I looked to The Spearhead, and could see a party descending one of the non-technical routes to the top. I felt maybe I should still go for it, but I was also playing a game with the weather. Given the terrain and class 3-5 I would encounter on the route, I thought it might take me as long as an hour to get up and an hour to get down. That would leave me exposed above treeline for quite awhile, as I still had to find the trail and get back down toward Black Lake.
A second thought was that even if there wasn't any lightning, any rain could certainly make the route much more difficult and treacherous.
I lounged in some sweet smelling grass and had a snack. I really wanted to reach the top of The Spearhead, and I know some of the things that I write about on here will certainly seem risky or dangerous, but you never see the planning, training, and preparation that happens on the backside.
Thus, I relied on years of experience, years of looking at the sky seeing what happens in the future. Years of observation and predicting what will happen in the next hour or two with the weather. I was disappointed to head back to the trailhead, but I am not disappointed to have to make a return trip to Glacier Gorge.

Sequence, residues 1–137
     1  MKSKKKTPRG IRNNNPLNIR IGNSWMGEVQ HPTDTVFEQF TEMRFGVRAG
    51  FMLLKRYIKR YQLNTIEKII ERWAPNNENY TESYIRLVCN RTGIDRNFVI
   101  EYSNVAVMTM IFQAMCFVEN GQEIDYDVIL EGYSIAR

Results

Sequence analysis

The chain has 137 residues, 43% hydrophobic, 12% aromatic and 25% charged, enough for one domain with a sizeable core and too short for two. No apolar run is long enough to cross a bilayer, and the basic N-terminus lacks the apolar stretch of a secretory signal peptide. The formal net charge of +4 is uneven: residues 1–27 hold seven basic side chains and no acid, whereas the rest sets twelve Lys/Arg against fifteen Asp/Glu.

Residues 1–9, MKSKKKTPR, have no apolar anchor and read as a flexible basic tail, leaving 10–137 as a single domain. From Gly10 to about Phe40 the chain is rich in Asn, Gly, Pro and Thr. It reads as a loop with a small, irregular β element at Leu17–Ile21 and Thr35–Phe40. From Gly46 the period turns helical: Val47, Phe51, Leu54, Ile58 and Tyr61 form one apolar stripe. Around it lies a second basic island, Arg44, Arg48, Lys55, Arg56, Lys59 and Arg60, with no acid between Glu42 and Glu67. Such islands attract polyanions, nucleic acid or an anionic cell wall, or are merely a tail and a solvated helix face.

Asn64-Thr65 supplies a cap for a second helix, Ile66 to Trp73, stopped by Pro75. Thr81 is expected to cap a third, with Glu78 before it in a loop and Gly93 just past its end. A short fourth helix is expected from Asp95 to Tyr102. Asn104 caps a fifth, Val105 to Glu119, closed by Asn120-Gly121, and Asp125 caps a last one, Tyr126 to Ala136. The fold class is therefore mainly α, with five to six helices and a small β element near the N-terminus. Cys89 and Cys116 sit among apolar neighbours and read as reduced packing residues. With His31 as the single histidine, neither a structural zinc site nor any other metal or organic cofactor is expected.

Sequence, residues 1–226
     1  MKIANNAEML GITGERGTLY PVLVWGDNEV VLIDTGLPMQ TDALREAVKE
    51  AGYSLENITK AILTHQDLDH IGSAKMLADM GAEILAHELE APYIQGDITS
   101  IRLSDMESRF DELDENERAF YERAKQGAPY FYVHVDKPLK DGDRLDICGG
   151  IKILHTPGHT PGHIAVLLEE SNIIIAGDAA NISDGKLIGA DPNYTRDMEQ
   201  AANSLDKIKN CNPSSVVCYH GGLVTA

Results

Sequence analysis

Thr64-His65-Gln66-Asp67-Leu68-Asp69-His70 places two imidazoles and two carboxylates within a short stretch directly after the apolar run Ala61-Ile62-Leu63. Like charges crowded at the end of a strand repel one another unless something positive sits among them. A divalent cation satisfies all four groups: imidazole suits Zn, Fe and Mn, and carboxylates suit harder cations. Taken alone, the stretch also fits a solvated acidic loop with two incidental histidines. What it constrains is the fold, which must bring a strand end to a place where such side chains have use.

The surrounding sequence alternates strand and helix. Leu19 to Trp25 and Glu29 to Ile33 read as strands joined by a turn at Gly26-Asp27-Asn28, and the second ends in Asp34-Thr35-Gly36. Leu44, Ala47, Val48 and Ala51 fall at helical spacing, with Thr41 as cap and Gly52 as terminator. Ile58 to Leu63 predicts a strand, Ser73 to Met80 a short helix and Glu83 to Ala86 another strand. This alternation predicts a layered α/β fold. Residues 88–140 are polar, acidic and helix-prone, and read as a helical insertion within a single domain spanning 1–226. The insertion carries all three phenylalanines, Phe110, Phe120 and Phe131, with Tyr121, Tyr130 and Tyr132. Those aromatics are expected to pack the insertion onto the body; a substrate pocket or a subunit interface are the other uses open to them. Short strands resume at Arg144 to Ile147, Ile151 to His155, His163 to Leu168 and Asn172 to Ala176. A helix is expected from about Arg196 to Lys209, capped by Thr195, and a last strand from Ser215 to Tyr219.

In fact, I felt pretty upset. I really want to finish up RMNP this year. I am hoping to finish in early September when my parents will be visiting. Though I only have ~50 things left to go, it seems unlikely that will happen. Like I said earlier, I have a few things to visit that will take a whole day to get to for one or two destinations. Case in point- this day!
I felt pretty down about this as I hiked back through Glacier Gorge. But then I looked around and remembered where I was.
Why? That's a question I ask myself sometimes. Why do I do this? There are alot of reasons, but I guess in the end most of those boil down to or add up to because it's fun and something that I really enjoy. It's the way I recharge mentally. It's a way I challenge myself physically and mentally to go farther and longer. It's a way I see god (read more on my thoughts on god here).
And while I could drive to a closer trailhead to visit some of those singleton destinations, I've already planned what I think will be pretty fun and challenging days to do so. In short, it's not about checking something off a stupid list, and I lost sight of that on this day.
On that note, as of this week I will now be working a four days on/three days off schedule. I am relaxing today on one of my days off, and will have to do some errands on one of the other, but until the time they get here, I may be able to get two days a week out and about. So maybe it will happen after all. We shall see.